Emergency £1m bailout for Coombe Abbey Hotel

One Coventry Councillor criticised the Labour-controlled Council for playing “a game of monopoly” with taxpayers money.

Coombe Abbey Hotel courtyard

Coombe Abbey Hotel is set to receive a rescue package from Coventry City Council.

It comes in the wake of the coronavirus pandemic, which has caused significant problems for the hospitality sector in Coventry and across the UK.

Councillors were informed that the decision to lend the hotel £1m had been rushed through by officers using ‘emergency powers’ – meaning they did not have a chance to debate it.

This is the third time in ten years taxpayers have provided the hotel with a bail out.

In 2013, acting as the hotel’s landlord, Coventry City Council agreed to take over a bank loan thought to be around £6.5m according to the Coventry Conservatives.

They then handed over a further £2m in October 2018, to be repaid over a ten-year period, as the owner of the business. Together with the cost of purchasing the hotel, it takes the total spent to around £20m.

Opposition Councillors from the Conservative Group are asking why the latest deal was done without a vote, or even a debate – and demanding to know why private investment has not been secured, and whether a future bail-out could be required.

Commenting on the news Cllr Gary Ridley, the Leader of the Council’s Conservative Group, said: “First Labour tried to buy the hotel in secret, now they’ve rushed through an emergency bailout on the quiet.

“Frankly, it’s been a dreadful deal for the people of Coventry and continues to drain money away from public services when they need it most.

“Next, they’ll have to cut services to balance the books and will probably try and blame the government. How much more will this Fawlty Towers fantasy cost the people of Coventry?”

Cllr Peter Male, who serves as Shadow Cabinet Member for Jobs and Regeneration, also criticised the Council for purchasing other businesses.

Commenting on the deal, he said: “This failing Labour administration has been nationalising businesses like there’s no tomorrow.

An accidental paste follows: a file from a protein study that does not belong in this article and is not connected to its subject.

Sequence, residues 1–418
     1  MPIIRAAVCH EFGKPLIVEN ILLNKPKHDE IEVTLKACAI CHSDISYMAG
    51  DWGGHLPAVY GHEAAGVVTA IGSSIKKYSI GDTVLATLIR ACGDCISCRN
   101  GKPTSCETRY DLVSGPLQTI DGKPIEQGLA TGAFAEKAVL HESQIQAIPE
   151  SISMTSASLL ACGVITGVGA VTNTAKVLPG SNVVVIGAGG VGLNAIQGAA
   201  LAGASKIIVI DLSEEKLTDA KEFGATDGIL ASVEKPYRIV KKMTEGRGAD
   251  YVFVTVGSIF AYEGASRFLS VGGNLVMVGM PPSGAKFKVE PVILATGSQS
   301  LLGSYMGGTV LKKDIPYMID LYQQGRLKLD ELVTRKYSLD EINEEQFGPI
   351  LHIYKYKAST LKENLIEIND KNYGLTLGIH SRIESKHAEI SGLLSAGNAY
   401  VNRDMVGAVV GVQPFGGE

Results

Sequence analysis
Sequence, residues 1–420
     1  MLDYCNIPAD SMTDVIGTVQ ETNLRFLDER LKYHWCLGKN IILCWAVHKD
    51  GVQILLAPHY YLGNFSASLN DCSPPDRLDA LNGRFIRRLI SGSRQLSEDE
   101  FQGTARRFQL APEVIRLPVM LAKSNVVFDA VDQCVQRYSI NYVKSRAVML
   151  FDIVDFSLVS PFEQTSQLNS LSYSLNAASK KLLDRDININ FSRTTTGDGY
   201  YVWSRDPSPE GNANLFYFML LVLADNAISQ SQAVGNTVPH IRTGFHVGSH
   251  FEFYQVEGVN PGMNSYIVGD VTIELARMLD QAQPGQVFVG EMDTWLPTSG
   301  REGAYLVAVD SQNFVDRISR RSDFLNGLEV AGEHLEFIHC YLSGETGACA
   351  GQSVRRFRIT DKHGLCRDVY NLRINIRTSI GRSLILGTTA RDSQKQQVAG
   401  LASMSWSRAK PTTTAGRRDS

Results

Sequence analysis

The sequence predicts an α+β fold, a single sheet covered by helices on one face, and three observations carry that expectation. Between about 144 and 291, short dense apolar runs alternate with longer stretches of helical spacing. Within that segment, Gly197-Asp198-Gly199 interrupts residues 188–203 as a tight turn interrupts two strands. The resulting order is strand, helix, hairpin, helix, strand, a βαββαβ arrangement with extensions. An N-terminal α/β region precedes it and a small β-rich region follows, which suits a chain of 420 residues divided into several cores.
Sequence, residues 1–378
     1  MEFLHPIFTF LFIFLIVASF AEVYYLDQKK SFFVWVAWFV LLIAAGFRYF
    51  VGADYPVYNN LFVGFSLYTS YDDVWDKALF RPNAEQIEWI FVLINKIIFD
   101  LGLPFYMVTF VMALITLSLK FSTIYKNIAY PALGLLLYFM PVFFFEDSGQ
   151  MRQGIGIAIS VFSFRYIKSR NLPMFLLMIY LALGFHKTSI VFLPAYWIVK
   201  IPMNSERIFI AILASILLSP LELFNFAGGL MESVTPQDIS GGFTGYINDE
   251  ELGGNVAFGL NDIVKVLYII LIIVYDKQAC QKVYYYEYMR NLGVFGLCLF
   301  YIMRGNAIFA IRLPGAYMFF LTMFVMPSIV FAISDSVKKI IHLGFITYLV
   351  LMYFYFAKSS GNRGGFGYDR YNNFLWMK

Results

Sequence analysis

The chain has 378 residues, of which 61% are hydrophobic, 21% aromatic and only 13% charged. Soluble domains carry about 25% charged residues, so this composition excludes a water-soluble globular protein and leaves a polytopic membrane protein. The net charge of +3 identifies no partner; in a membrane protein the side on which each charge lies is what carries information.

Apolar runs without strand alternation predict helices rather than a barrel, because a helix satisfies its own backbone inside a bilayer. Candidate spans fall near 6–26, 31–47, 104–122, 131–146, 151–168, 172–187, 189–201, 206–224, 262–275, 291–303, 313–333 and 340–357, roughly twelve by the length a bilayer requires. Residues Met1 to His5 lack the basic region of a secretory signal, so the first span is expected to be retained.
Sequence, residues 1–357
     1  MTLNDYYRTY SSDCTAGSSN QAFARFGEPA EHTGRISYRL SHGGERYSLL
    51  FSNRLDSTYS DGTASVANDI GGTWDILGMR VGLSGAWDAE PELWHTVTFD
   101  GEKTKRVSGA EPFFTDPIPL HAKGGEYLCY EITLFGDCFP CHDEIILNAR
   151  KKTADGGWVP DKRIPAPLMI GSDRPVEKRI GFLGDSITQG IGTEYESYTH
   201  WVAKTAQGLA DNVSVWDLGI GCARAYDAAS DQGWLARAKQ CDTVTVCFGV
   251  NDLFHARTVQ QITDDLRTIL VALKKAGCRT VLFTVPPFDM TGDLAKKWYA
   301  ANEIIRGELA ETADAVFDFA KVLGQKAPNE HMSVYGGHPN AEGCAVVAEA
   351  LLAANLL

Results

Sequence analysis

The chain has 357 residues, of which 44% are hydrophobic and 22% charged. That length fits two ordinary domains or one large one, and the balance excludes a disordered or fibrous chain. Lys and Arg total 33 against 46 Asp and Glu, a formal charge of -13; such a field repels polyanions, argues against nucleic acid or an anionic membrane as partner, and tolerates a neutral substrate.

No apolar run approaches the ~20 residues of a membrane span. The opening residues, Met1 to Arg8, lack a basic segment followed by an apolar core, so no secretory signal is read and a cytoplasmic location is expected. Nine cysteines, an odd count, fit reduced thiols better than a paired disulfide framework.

“They’ve exposed residents to the full effects of a global downturn and there’s no knowing how many more bailouts will be required.

“They should focus on providing services instead of taking over businesses they don’t know how to run. This all feels a bit like a game of monopoly but it’s the people of Coventry who’ll pick up the tab.”

Cllr George Duggins, Leader of Coventry City Council, defended the decision, commenting: “[Coombe Abbey] Hotel has taken the full government support of furlough schemes, HMRC support and business rate relief, but no revenue has been coming into the business, and action is needed to help make sure it is financially secure.

“The Council has, therefore, decided to provide a loan of up to £1m to Coombe Abbey Hotel. This loan is being made on commercial terms and will be repaid in full by the hotel. The loan will ensure that the business has the finances it needs to continue trading.”

“Coombe Abbey Hotel and the surrounding parkland is a much-loved part of our city and now a major part of our visitor attraction.

“Recently it has grown even more popular with the addition of the Go-Ape high trees adventure and we are confident that it has a bright future ahead in helping our city through its year as UK City of Culture and beyond.

“This loan payment will support the hotel through these unprecedented times and help both the business and our city as we emerge and continue our recovery.”